Associazione Liutaria Italiana uses Siemens software to unveil the secrets of violins

Genoa, Italy

By : Hannah Straub

In a world of innovation, software can introduce concepts in technology that weren’t discoverable before, even when it comes to musical instruments. According to professors at Associazione Liutaria Italiana, the shape, form, varnish, and age of an instrument can dictate the sound, and it’s important to know the characteristics in order to construct a good replica.

“This is why our work with Simcenter and Siemens is so useful,” Professor Enrico Ravina, a professor of the Polytechnic School at Associazione Liutaria Italiana.

Associazione Liutaria Italiana is a cultural association that binds together musical instrument makers, researchers and musicians to provide cultural and technical assistance to preserve the musical instruments’ heritage and advance future development.

Professor Enrico Ravina and engineer Paolo Sivestri have been studying the acoustic performance of violins and other string instruments for over a decade, using a variety of Simcenter software simulation and testing tools to explore the data behind the sound. Master violin maker, Pio Montanari, recently joined the research project to gain insight into the construction process. Shortly after, Pier Domenico Sommati, second principal violinsit at the Genoa Opera also joined the team. Although not researchers, both Montanari and Sommati possess the valuable hands-on experience to help pinpoint what this novel research work will mean for the future of violinmaking and violinists around the world.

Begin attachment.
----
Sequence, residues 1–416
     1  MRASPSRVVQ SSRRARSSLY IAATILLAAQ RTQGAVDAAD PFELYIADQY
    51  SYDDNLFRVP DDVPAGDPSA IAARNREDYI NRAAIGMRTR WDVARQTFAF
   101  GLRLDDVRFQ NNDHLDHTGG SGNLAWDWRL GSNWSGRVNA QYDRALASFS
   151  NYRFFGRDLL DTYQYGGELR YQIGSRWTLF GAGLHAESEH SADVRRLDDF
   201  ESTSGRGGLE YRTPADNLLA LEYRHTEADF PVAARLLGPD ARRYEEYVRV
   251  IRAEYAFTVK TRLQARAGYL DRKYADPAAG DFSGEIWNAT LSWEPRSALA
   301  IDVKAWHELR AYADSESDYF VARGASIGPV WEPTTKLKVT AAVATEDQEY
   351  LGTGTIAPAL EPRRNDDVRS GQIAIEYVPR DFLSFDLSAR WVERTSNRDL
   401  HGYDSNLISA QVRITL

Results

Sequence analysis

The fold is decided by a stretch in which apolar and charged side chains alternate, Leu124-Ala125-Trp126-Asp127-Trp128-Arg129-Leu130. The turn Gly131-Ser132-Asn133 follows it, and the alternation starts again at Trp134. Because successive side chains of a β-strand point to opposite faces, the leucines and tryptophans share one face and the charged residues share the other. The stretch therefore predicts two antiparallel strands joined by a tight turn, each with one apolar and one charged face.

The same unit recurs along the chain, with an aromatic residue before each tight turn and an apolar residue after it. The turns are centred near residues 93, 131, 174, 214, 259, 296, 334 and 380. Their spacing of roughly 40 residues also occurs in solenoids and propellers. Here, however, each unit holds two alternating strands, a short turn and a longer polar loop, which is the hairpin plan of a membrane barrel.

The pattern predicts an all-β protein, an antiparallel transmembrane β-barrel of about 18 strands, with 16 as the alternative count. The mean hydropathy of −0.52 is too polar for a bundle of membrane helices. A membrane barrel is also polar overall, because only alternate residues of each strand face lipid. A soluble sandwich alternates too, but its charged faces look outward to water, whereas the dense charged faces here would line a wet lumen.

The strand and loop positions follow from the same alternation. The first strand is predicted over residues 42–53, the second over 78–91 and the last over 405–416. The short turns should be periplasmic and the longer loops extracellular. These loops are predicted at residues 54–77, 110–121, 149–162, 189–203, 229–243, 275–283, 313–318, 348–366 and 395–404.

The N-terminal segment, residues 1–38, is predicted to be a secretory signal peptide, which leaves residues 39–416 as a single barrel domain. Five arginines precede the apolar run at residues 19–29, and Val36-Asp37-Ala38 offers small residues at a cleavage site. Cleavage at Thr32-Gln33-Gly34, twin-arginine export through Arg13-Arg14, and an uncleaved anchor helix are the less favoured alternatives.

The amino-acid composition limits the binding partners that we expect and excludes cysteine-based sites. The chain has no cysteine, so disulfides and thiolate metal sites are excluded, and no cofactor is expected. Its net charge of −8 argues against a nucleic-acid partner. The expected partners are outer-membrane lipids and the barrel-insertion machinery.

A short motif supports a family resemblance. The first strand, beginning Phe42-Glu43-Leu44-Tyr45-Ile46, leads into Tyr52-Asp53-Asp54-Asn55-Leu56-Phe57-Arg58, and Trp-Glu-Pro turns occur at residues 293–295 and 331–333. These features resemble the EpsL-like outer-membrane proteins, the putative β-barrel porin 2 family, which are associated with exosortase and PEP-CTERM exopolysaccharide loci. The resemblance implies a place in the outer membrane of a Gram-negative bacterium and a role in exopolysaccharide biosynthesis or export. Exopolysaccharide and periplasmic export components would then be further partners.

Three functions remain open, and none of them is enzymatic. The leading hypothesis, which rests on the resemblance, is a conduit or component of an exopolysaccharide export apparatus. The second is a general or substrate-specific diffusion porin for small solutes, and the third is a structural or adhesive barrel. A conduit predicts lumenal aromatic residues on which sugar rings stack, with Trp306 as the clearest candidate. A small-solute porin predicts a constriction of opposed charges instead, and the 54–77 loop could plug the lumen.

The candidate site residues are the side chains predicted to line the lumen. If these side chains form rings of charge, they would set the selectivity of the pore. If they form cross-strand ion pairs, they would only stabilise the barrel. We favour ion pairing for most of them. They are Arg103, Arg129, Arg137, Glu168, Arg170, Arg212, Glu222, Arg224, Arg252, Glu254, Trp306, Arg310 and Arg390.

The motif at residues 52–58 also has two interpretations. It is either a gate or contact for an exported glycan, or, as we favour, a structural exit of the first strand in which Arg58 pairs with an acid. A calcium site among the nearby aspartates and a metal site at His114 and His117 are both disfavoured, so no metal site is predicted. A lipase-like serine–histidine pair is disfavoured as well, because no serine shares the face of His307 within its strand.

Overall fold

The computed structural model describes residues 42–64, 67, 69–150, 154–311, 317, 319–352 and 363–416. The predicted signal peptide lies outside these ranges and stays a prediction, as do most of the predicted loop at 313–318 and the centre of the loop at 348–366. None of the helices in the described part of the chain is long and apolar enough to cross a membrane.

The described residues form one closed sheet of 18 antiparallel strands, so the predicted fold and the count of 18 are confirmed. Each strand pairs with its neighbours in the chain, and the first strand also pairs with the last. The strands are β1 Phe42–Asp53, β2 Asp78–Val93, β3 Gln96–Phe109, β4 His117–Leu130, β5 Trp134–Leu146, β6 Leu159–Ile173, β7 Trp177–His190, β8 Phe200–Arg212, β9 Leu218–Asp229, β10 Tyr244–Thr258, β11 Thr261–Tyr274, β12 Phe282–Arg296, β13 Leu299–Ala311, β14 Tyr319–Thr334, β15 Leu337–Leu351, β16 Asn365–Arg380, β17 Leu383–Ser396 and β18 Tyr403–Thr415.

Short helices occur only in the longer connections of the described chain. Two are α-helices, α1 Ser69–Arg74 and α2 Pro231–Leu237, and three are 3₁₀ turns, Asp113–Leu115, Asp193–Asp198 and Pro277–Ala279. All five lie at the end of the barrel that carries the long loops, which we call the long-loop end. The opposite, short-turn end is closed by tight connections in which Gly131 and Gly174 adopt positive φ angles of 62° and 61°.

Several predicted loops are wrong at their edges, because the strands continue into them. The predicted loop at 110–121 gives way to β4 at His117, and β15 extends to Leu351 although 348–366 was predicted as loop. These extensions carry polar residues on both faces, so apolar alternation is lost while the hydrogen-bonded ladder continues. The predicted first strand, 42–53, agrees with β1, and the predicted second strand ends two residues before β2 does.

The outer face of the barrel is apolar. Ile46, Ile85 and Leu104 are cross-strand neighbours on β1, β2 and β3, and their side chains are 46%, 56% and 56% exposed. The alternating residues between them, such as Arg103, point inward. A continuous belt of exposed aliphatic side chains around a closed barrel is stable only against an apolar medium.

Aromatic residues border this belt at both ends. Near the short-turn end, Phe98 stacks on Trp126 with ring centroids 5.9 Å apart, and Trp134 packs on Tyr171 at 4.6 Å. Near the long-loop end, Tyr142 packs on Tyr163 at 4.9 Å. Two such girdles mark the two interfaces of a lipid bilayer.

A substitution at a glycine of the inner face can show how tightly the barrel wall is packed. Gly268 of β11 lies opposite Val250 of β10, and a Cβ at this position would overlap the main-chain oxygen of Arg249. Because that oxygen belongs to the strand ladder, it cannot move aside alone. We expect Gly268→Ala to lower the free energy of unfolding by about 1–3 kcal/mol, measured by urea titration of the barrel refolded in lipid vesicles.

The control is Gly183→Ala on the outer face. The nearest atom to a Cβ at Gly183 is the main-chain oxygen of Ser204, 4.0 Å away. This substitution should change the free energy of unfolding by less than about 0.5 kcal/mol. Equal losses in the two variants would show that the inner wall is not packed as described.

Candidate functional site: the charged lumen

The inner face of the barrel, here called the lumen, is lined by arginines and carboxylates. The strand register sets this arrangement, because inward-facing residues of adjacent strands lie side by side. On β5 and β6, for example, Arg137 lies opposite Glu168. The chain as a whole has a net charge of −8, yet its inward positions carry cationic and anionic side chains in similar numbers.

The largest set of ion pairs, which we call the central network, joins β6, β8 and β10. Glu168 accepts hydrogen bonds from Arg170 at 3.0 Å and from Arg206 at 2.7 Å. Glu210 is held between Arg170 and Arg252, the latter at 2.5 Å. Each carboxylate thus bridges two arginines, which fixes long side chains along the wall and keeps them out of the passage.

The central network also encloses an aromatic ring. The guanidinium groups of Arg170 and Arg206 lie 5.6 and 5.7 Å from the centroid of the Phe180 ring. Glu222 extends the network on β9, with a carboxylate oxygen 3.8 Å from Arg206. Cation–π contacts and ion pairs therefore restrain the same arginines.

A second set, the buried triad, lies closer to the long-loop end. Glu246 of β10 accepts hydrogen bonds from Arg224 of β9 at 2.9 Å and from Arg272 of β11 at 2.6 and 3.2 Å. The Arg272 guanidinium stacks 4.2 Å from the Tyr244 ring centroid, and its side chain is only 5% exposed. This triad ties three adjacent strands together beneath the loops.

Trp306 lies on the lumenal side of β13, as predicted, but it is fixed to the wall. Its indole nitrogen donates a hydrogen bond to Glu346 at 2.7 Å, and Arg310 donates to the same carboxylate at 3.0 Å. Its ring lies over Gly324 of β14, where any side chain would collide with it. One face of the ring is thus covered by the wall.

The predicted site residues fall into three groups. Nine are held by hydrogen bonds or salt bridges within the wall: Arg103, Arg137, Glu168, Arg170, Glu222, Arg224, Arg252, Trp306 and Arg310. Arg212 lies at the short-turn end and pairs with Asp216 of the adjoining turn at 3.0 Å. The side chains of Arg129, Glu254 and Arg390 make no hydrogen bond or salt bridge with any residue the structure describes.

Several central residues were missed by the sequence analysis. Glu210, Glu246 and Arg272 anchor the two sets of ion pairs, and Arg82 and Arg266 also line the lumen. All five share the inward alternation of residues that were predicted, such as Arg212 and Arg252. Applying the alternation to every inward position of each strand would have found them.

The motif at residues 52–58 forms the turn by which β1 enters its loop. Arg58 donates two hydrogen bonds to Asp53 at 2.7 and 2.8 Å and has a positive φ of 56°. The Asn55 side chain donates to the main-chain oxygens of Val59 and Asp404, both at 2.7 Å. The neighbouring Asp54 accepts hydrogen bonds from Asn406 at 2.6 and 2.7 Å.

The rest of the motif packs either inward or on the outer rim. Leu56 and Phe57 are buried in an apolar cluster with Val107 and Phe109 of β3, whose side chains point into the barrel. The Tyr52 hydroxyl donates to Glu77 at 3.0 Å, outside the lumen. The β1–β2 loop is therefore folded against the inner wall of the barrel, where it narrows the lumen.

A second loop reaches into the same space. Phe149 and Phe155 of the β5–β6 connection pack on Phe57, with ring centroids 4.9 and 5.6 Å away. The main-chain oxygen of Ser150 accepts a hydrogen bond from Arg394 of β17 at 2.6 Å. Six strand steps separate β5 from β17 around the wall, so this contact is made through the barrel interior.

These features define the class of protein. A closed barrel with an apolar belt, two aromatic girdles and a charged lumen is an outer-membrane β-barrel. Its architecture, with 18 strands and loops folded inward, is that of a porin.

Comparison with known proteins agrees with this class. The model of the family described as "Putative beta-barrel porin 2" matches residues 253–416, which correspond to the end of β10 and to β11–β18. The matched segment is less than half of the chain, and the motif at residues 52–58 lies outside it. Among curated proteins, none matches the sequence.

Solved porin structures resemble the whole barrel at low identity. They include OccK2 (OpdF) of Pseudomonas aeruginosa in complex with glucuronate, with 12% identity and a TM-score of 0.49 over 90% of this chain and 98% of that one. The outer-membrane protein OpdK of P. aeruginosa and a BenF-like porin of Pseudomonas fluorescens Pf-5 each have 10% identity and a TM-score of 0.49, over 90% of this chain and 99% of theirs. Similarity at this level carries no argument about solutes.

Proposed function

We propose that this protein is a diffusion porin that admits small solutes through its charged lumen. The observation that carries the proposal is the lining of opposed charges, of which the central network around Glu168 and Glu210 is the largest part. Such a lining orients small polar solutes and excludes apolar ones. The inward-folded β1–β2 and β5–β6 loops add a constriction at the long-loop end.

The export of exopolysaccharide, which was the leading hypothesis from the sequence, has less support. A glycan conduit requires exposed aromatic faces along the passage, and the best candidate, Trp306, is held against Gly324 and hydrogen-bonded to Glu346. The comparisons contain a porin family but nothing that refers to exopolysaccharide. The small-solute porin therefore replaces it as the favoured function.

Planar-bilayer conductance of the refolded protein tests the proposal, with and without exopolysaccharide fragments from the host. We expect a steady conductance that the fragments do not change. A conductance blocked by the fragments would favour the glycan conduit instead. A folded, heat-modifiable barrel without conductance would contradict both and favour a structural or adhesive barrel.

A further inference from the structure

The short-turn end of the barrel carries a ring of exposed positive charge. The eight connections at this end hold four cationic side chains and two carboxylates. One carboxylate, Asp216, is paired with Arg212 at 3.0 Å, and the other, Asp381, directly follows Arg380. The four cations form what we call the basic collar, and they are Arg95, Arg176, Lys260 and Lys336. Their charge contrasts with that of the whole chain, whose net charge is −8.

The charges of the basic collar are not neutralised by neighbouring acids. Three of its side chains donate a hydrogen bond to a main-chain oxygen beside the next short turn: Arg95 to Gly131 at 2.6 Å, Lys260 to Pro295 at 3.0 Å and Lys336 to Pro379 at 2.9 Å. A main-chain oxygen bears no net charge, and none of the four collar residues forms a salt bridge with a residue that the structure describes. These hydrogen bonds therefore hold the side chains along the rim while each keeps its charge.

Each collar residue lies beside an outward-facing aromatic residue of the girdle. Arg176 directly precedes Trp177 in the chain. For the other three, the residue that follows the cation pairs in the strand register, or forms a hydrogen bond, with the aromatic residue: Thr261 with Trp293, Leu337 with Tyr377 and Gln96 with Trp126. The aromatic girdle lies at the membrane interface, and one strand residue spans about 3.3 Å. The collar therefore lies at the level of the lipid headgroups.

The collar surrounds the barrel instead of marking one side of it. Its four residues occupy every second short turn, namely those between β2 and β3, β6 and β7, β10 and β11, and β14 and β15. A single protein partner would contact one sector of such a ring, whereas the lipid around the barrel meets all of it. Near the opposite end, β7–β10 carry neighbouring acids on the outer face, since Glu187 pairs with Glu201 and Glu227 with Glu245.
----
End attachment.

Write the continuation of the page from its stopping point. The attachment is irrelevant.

“For more than a decade, tools like Simcenter Testlab software and Simcenter SCADAS hardware have been very useful to study an instrument’s behavior to gain information from a vibrational and an acoustic point of view,” says Ravina.

Some of the main goals of their case study include:

  • Understand the acoustic performance of antique string music instruments
  • Identify the main performance contributors
  • Provide violin makers with engineering insights on how to improve current instrument production

The researchers collected acoustic data precisely and performed detailed acoustic analysis while working with integrated software solutions and supporting the digital twin concept. They also used versatile testing solutions and enabled customized setups.

As a result, the men were able to provide data to explore and optimize new musical instrument designs, delivered information to help recreate instruments precisely with the same acoustic performance, and we able to conduct acoustic measurements onsite.

To read the full case study, click here.

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